1.6 billion people depend on forests for their livelihoods. Meet one in our new monthly blog series.
In 2006 Meghan Casey and her husband Davis Azofeifa purchased Chilamate Jungle Private Reserve, a 52-acre (21-hectare) reserve in Costa Rica’s San Juan-La Selva Biological Corridor founded by Don Lindley Lumsden and his family in the 1940s. Together, they built the Chilamate Rainforest Eco Retreat, a Rainforest Alliance Verified™ sustainable lodge. We spoke with Casey about the reserve, home to 500 bird species, 300 tree species and nearly 140 mammal species.
How did you and your husband come to own the property?
In 2006, just after the birth of our daughter, my husband and I were trying to come up with a family project that would make a conservation difference in the area. One day, we were walking by the river and decided to explore a little farther than usual. We came across some people who turned out to be caretakers of the property. They let us look around and we asked if the owner was selling. A few days later, we got a call from Don Lumsden’s daughter, who was then in charge of the reserve. She had been having trouble maintaining it, but had refused to sell because she wanted the next owner to be someone from Sarapiqui (as my husband is) who was committed to protecting the land.
What are you doing to manage the retreat with an eye toward sustainability?
As soon as we started [building the lodge], we got the Rainforest Alliance’s manual for best tourism practices. We also attended a number of [Rainforest Alliance] training sessions. We learned even more when Rainforest Alliance verification program auditors came to our property and gave us some great advice about improvements we could make.
Tell us about some of their most valuable suggestions.
While my husband and I have always been committed to sustainability, we were not exactly business people. When the auditors came the first time, we had no computer, no website, no written materials and no real business plan. They gave us ideas for the business side of our project. They helped us develop a sustainability plan and a mission statement, and they told us that we needed to keep track of everything we were doing in terms of our work in conservation with the local community.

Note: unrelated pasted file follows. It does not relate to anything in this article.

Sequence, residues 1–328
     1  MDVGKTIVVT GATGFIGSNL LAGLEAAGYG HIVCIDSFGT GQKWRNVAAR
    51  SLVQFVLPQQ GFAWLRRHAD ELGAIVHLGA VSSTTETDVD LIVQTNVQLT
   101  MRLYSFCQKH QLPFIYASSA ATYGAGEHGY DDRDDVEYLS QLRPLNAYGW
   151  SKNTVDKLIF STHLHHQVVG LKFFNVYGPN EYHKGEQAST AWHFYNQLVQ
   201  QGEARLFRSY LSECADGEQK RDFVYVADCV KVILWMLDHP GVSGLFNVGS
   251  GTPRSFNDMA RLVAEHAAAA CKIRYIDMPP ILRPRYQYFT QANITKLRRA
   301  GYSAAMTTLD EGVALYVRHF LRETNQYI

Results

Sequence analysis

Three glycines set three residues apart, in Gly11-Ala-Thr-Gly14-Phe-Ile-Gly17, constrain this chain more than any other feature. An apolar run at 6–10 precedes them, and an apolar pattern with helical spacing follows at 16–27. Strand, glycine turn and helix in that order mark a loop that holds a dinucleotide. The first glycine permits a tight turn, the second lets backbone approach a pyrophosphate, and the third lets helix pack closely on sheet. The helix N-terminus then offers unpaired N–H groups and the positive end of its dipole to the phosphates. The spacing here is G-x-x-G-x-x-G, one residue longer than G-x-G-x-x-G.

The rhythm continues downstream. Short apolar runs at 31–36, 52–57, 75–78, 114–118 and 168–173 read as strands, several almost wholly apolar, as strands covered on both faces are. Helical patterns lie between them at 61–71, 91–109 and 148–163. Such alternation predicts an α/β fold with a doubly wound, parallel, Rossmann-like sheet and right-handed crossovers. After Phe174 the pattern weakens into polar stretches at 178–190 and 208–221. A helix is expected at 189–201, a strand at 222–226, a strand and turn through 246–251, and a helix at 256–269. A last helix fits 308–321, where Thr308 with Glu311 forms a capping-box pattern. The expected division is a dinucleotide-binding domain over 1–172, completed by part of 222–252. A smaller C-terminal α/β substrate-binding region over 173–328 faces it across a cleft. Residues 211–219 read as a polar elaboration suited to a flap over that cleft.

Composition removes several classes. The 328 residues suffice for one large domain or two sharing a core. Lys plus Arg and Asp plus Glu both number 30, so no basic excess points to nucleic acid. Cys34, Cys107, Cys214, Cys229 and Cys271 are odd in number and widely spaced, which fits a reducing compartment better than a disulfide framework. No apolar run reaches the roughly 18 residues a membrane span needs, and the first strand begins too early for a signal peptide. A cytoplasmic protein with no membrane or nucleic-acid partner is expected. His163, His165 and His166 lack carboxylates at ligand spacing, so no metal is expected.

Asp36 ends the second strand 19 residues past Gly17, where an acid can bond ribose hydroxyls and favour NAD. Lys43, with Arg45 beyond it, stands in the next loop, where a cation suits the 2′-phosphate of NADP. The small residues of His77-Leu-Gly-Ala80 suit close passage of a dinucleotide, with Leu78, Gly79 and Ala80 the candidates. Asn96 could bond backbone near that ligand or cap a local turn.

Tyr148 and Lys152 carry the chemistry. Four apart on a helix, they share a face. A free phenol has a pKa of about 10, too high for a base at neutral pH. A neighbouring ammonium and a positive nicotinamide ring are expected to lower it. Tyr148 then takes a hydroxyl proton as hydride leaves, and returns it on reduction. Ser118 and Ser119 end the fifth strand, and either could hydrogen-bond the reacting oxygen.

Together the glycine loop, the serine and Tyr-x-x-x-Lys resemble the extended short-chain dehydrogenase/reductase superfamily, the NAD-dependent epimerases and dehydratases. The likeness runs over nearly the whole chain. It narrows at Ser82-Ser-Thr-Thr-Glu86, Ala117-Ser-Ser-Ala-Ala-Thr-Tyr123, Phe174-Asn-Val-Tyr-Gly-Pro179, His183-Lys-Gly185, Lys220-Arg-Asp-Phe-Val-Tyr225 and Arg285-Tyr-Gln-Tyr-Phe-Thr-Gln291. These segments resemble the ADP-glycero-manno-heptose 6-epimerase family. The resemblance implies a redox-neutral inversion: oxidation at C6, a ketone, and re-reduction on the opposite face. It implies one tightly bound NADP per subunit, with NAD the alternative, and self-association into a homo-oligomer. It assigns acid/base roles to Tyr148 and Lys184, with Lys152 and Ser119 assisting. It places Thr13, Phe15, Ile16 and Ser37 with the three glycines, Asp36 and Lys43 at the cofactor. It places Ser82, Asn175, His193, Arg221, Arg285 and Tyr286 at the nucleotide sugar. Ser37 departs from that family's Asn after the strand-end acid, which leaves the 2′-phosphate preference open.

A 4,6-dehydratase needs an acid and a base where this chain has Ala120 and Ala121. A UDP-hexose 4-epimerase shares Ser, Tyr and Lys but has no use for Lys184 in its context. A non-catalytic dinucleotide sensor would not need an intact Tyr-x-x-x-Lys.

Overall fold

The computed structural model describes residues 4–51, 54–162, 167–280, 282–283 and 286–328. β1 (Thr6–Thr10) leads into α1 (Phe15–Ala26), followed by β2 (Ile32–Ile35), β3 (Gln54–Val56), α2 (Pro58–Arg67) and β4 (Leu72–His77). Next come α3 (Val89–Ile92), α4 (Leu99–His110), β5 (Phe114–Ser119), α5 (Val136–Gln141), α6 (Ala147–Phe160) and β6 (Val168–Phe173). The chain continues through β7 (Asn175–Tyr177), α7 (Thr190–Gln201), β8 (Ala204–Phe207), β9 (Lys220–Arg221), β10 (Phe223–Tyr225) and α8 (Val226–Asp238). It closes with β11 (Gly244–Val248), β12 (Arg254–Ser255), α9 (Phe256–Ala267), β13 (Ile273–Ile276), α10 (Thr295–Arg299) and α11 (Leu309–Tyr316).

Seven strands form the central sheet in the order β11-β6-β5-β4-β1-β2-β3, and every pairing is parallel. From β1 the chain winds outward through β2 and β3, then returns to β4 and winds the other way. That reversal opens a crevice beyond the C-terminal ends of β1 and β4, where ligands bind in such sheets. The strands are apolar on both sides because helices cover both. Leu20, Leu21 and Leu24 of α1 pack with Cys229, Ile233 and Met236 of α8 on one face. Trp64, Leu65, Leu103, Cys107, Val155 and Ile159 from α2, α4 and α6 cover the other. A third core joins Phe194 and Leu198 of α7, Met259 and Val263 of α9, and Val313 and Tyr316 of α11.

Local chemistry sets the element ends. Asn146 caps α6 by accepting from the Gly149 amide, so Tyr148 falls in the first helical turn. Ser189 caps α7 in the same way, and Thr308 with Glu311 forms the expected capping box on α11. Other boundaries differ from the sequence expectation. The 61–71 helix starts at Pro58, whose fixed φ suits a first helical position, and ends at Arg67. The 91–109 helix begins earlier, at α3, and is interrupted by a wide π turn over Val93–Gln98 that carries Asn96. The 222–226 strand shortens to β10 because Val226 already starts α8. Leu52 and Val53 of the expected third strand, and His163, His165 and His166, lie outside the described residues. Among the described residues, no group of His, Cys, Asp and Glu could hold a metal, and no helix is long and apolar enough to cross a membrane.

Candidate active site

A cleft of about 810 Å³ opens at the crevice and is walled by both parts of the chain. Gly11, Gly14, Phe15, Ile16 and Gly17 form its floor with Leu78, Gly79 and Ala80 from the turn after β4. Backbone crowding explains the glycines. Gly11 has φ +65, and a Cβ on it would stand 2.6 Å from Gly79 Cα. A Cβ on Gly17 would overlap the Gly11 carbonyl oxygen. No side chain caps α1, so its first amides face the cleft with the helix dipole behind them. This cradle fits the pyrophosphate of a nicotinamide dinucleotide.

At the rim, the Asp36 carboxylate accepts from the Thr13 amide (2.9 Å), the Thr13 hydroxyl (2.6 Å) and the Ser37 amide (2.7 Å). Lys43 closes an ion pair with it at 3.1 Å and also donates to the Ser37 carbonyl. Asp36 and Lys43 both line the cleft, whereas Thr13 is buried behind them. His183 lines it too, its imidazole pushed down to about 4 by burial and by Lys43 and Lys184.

What other sustainable business practices have you adopted?
We exclusively use biodegradable soaps and cleaning products, and we have solar panels that provide much of our electricity. We use live bacteria to clean the plumbing system. All of our organic waste is composted and we recycle everything we can. My husband is also really creative about devising eco-friendly alternatives. For example, he built a system of diverting rainwater for showers and toilets.
Has doing all this helped your business to thrive financially?
Yes, purchasing waste wood and recycled materials from local businesses brings costs down significantly. In addition, our commitment to conservation appeals to visitors.
How does Chilamate support the local community?
We support our neighbors’ businesses whenever we can. We have a place close by where we buy cheese, eggs, milk, chicken and even fish. We also recommend that our guests go on tours with local companies.
In addition, Chilamate Rainforest Eco Retreat facilitates a program with Earth University and about 60 families in our community who run small farming operations. We meet periodically, and the farmers learn how to integrate affordable sustainable practices into their every day farming.
We also give discounts to guests who make a donation to the community, do service days or support the community in some way.
What’s next for Chilamate?
We’d love to expand our reserve so that more of the region’s biodiversity can be protected. We also want our neighbors, the smallholder farmers, to be able to continue their work; it’s not easy for them to sustain themselves.
Any highlights from your time managing the lodge and reserve?
When we first got here, I kept meeting kids and parents who had never even been in the rainforest before. I am proud to say that today there is not a single child in any of the three closest schools who has not visited us. This year, we’re developing a program in the local schools so that students of every grade can come to the reserve at least once a year and experience walking through a rainforest.
Discover the Rainforest Alliance’s work with tourism entrepreneurs in Latin America and the Caribbean–and see how you can support conservation and community development by booking a trip with SustainableTrip.org.